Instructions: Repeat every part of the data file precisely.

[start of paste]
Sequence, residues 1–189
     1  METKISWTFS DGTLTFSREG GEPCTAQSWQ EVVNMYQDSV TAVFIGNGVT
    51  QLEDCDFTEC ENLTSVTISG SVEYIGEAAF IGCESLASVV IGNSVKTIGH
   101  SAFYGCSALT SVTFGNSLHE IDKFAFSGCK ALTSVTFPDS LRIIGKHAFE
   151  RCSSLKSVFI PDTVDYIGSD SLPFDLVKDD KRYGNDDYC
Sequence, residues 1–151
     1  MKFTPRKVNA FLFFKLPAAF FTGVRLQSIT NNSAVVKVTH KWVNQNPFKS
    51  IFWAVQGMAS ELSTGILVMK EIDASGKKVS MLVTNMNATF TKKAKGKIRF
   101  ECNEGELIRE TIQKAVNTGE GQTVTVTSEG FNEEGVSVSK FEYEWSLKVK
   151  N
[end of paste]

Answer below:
Sequence, residues 1–189
     1  METKISWTFS DGTLTFSREG GEPCTAQSWQ EVVNMYQDSV TAVFIGNGVT
    51  QLEDCDFTEC ENLTSVTISG SVEYIGEAAF IGCESLASVV IGNSVKTIGH
   101  SAFYGCSALT SVTFGNSLHE IDKFAFSGCK ALTSVTFPDS LRIIGKHAFE
   151  RCSSLKSVFI PDTVDYIGSD SLPFDLVKDD KRYGNDDYC
Sequence, residues 1–151
     1  MKFTPRKVNA FLFFKLPAAF FTGVRLQSIT NNSAVVKVTH KWVNQNPFKS
    51  IFWAVQGMAS ELSTGILVMK EIDASGKKVS MLVTNMNATF TKKAKGKIRF
   101  ECNEGELIRE TIQKAVNTGE GQTVTVTSEG FNEEGVSVSK FEYEWSLKVK
   151  N